Monday, January 27, 2020

On Wedding Photography

Here, hold my flowers while we kiss!
Cathedral of Christ the King Catholic Church, Atlanta
Canon 5D Classic, Canon EF 702-200 f4L lens

Taking a brief break from talking about the philosophy of photography, let's talk about one of the practical uses of the art -- wedding photography.

Okay, I 'fess up. I photograph (or in the popular vernacular, "shoot") weddings. I use the present tense, because I have one coming up in March.

I've spent most of my working life as a small-market commercial photographer. So when I call my blog A Life in Photography, I'm not exaggerating. I photographed my first wedding in 1971 or '72. I forget which, but I do remember that I used a Rolleicord Va twin-lens reflex camera (because that was what I had at the time), two or three rolls of 120 Kodak color negative film, and M3 blue flashbulbs. Exposures were by the guide number system. (Remind me, and I'll explain it to you sometime. We had to figure things out for ourselves in the days before cameras became do-everything-for-you electronic gadgets.)

Since that was my first wedding, there were lots of questions I didn't know to ask in advance: such as, were there any divorces or any people I shouldn't place next to each other. It turned out that the bride's parents were divorced, both had remarried, and they were all still unhappy with each other. So I had to do all the parents groups twice -- once with her mother and her husband, and again with her father and his wife. Did I mention that people handling is one of the most important skills for a wedding photographer?

Because of the limitations of film, flashbulbs, and the patience of my subjects, I only took one shot of each grouping. Believe it or not, there were no closed eyes! Nowadays I take four or five shots of each large group and still someone in every shot has closed eyes.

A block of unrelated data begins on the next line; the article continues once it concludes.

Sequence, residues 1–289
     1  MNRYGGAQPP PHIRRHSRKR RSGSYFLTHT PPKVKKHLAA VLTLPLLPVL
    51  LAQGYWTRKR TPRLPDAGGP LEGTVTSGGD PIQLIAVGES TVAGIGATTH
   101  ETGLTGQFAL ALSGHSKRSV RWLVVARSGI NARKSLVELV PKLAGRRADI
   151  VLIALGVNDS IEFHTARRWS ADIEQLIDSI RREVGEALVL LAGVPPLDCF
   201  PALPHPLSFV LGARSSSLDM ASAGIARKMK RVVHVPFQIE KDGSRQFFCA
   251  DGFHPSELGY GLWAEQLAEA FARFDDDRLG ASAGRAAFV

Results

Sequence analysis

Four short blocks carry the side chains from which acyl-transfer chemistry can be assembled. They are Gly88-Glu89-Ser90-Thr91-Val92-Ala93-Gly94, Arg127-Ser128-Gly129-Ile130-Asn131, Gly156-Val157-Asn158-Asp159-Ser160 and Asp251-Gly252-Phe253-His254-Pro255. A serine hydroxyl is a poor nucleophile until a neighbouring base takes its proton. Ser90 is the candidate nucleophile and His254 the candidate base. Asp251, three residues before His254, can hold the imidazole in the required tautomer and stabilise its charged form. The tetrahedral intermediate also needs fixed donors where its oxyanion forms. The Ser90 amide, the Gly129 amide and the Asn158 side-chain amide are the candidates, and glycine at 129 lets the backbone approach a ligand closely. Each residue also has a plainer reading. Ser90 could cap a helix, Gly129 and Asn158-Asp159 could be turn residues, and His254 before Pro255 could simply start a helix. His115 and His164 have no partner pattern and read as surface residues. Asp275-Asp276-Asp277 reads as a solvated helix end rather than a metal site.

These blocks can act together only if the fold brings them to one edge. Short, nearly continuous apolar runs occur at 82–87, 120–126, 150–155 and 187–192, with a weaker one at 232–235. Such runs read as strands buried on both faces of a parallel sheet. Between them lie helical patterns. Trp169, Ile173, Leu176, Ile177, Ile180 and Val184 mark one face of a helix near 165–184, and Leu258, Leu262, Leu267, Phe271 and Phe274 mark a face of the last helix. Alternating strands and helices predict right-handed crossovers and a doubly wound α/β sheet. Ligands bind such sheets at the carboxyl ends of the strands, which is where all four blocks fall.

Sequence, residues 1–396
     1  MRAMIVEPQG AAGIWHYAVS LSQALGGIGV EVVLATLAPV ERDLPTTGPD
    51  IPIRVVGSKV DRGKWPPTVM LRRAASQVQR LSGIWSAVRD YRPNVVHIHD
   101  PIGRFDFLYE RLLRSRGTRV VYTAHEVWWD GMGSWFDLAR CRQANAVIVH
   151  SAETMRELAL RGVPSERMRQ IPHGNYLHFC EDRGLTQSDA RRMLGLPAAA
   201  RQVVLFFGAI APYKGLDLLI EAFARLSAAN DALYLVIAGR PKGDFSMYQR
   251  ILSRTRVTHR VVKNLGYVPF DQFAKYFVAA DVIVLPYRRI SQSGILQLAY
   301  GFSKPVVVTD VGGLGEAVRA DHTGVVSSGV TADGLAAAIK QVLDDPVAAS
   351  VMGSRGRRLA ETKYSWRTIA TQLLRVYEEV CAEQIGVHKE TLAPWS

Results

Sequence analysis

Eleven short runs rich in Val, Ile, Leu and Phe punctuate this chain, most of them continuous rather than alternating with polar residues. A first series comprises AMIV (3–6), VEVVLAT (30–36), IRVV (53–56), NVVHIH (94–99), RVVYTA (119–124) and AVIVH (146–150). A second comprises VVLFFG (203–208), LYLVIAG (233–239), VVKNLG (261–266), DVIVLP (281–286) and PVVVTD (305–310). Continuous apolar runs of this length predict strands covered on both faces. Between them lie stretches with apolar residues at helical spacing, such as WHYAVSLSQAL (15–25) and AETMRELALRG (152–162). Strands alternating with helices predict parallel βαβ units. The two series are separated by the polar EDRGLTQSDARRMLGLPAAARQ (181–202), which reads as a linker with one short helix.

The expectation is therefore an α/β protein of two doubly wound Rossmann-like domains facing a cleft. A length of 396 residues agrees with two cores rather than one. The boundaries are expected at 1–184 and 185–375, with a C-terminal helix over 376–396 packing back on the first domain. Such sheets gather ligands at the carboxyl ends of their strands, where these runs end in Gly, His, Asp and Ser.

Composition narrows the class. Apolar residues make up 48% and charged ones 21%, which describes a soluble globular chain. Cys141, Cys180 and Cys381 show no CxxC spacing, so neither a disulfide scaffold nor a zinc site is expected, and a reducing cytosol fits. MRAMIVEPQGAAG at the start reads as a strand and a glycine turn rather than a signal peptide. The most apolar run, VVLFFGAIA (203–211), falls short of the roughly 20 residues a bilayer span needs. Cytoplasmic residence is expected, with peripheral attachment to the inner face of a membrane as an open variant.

Most commercial photographers in those days refused to do weddings and looked down upon photographers who did. But I never minded. I've always enjoyed being around happy people, and my camera gave me a brief but special entree into the lives of some very nice people.

The Happy Couple
Georgian Terrace Hotel, Atlanta
Canon EOS 6D, Canon EF 28-105 f3.5-4.5 lens

I never pushed wedding photography in my business, but if someone asked me if I were available, I was usually glad to say yes. Most years I did five or six, but after 2000, when I closed my studio, I began doing more and have done several hundred in my career. I quit booking weddings on my own around 2008, but got back into it in 2013 as what is known as a "second shooter" for an Atlanta photographer. She is now transitioning into another career, so we aren't doing many weddings these days, but as I said, we do have one coming up in March.

It will be a kick to be one of the few (only?) 82-year-old wedding photographers around. Why do I do it? My philosophy is that if I like doing something, if I'm able to do it, and if there's no reason not to do it, then why not do it?

Think young. Thinking old will kill you.

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